By Michael Finney, Founder / Director, Tilden TV & Radio Mentoring Program
Tilden TV & Radio Mentoring Program (TTRMP) is the voice of Tilden Career Community Academy. Supported by community partners, alumni and students from Chicago high schools who participate through the Summer Youth Employment Program, TTRMP has given a rebirth to the media programs offered on campus.
How do you define a ‘well’ community?
At Tilden Career Academy High School we believe a ‘well’ community is an environment that promotes stability, leadership, and structure. It also has the safety, educational and commercial opportunities every community needs to addresses the health concerns of the individuals who make up community. A ‘well’ informed neighborhood taking action on empowering information contributes to a ‘well’ community. It’s by surrounding our children, our neighbors and ourselves with a positive and holistic lifestyle that ‘well’ communities are born.
What additional public/private and community/corporate partnerships do you think are necessary to ensure social disparities don’t get in the way of good health?
Partnerships should ensure social disparities are not an obstacle to good health by addressing the barriers of economics, education and healthier lifestyles of neglected communities. Often companies that have the ability to change negative patterns in a community will not because they have a successful track record of profiting in these areas. This does not help the community thrive. Partnerships that promote and educate the process of attaining access to sustainable resources change neighborhoods. The ‘well’ community will be the result of empowering members of the community with the abilities of passing the seeds of education from generation to generation.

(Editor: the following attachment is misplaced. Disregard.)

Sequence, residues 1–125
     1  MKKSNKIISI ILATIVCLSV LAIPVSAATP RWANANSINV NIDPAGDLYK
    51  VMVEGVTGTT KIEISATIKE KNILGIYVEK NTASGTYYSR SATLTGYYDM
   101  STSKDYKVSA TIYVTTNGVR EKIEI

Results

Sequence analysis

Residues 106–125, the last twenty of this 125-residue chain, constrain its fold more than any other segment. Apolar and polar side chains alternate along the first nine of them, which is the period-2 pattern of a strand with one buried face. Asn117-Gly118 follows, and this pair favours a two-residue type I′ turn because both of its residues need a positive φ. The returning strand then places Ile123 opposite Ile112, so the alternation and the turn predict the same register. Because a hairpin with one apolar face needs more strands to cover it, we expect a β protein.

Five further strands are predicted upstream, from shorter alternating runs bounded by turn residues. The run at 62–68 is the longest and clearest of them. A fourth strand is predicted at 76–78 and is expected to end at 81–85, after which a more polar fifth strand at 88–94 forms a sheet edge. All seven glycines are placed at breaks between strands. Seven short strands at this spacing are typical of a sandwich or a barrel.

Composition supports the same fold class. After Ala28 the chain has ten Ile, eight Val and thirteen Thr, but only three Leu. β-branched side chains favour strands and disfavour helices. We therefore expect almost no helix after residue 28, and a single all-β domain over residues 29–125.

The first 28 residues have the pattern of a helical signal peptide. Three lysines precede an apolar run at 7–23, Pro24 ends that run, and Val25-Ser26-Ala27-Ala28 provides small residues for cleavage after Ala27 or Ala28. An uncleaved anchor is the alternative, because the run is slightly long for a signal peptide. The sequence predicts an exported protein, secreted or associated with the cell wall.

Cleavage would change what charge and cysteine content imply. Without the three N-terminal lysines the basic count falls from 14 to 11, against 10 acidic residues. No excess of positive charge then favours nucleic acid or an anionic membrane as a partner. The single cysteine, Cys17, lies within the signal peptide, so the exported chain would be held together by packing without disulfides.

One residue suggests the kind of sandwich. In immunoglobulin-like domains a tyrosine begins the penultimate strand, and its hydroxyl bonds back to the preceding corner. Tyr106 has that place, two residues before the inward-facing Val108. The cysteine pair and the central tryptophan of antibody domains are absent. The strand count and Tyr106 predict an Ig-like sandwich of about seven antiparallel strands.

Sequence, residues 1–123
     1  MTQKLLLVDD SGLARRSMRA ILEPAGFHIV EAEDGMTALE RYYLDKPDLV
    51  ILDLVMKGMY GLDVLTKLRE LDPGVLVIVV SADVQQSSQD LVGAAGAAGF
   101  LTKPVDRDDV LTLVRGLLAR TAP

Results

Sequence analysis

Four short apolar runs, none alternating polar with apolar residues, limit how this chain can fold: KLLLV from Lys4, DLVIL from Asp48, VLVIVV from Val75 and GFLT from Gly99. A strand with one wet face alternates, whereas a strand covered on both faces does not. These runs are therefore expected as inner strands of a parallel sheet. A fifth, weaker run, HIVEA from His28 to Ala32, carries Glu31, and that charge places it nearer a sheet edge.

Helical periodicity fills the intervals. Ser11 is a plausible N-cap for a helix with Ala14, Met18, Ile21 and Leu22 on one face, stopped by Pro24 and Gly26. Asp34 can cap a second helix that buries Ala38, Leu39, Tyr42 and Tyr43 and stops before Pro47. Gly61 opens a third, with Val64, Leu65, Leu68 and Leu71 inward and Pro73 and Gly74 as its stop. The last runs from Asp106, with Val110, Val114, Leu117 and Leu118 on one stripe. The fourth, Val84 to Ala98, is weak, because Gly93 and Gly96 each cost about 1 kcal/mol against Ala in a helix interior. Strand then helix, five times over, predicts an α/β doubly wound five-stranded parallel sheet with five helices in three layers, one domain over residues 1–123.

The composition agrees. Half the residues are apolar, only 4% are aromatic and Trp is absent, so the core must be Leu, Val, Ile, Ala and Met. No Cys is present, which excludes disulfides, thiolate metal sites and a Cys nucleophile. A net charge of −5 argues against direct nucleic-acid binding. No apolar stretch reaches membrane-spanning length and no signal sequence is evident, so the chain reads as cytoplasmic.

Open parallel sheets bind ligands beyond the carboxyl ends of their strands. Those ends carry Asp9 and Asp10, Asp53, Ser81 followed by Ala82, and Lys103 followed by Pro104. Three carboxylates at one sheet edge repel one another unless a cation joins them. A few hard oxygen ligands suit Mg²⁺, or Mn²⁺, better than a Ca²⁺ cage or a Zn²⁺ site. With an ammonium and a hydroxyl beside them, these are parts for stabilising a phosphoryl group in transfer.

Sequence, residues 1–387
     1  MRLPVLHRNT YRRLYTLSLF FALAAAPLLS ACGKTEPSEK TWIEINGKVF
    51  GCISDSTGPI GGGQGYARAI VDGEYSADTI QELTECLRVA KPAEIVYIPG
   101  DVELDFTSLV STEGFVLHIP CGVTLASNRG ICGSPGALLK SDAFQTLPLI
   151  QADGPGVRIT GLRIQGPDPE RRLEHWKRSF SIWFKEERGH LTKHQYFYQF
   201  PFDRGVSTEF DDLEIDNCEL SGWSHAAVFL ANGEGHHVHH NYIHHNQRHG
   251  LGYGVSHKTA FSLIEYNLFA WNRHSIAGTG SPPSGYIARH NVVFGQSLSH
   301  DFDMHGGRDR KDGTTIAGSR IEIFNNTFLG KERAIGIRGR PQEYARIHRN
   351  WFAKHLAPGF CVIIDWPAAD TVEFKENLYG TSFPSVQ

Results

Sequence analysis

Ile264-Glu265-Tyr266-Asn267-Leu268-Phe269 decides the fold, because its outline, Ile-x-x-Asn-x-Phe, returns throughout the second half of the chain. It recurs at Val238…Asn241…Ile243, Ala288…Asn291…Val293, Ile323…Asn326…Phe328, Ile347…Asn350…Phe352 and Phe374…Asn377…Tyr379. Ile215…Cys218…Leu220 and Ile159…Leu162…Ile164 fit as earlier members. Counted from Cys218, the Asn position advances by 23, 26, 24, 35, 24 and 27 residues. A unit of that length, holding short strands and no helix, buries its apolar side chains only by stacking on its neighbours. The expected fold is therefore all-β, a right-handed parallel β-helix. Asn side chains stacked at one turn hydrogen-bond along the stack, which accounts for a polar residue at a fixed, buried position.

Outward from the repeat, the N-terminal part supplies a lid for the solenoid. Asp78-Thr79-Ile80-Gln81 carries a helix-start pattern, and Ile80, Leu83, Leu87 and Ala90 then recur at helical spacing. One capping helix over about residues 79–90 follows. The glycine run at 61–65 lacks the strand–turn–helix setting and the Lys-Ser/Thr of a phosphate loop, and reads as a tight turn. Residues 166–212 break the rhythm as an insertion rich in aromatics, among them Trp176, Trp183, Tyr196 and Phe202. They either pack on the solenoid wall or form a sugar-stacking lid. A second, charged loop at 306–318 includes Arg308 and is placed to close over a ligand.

What can community members do to ensure that we’re all truly working as ‘one community’? Local and state government? The media?
As community members, it is our job to know as much as possible about issues that affect us. Whether those issues are related to health, politics or education, we must become more informed decision makers. As a community, I feel there are a number of factors that could point us more in this direction including not allowing political, ethnic or religious affiliations dictate how we treat one another. Local and state governments could eliminate barriers to the best education, healthcare and access to opportunities. The media could play a bigger role in promoting more positive activity in underserved communities and not just the negative. We need more reports on the number of students growing up in neglected neighborhoods that are going to college and the armed services than going to prison or becoming the next reality star.